China has started to censor posts about the mortgage protests. Mortgage holders are threatening to not make payments to banks as a way to get the attention of the ruling class and central banks.
Frustrated buyers gathered in Wuhan earlier this month, outside the office of a bank regulator, saying that they wouldn’t make payments for more than 300 unfinished properties across the country. These projects include some from developers such as China’s Evergrande, whose chairman was just forced out.
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The halt in construction activity could impact 4.7 trillion Chinese yuan, or $696 billion, worth of homes in China. It would take 1.4 trillion yuan, or 1.3% of the country’s GDP (gross domestic product), to complete the construction projects, Bloomberg Intelligence analyst Kristy Hung estimated. Property and related sectors account for roughly one-third of China’s $18 trillion GDP, there are fears the fallout from the mortgage boycotts could spill over into the global economy, reported Business Insider.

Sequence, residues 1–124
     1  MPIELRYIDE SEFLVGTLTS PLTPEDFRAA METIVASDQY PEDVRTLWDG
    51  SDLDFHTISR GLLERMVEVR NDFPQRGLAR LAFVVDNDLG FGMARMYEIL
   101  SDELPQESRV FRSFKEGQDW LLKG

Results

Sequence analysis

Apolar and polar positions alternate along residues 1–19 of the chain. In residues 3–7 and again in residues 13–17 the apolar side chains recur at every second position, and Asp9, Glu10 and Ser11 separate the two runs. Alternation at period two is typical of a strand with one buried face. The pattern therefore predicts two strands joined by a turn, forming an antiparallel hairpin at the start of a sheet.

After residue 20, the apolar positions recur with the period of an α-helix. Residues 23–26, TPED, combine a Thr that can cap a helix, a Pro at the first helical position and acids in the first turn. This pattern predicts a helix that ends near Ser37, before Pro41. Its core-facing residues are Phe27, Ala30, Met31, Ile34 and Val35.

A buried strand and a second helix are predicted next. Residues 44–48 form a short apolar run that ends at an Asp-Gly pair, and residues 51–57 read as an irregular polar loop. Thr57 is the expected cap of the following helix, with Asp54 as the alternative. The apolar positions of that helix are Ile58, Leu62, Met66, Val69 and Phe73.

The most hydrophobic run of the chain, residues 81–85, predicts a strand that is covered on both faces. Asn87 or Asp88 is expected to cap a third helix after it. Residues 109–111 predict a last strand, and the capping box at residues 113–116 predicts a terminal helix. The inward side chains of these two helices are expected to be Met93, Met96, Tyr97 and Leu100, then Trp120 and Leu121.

In China, where the public is controlled harshly, social media companies are required to censor or remove content that “undermines social stability,” like the ongoing mortgage protests. Social media companies have historically fully complied with the ruling class in every country, not just China. They have stepped up on censorship, blocking messages, keywords, and videos of demonstrations, according to a report by Black Listed News.
Searching the hashtag brings back a notice saying: “Due to related laws and rules, the topic page cannot be displayed.”
Censorship is not limited to social media. Analysts at a few securities and research firms were advised by their masters to not discuss the protests. Because of an “order from above”, an employee at a developer was told by his boss that staff had been banned from commenting on the crisis.
The protests’ timing is not good for the Chinese Communist Party, which would prefer social stability ahead of the 20th Communist Party Congress, where the party’s leadership is expected to extend President Xi Jinping’s leadership to a third term.
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Owen Gallimore, head of credit analysis of the Deutsche Bank’s Asia Pacific flow-trading desk said the threats of stopping mortgage payments are definitely worrisome, but it is unlikely to cause major stress to the Chinese banking system.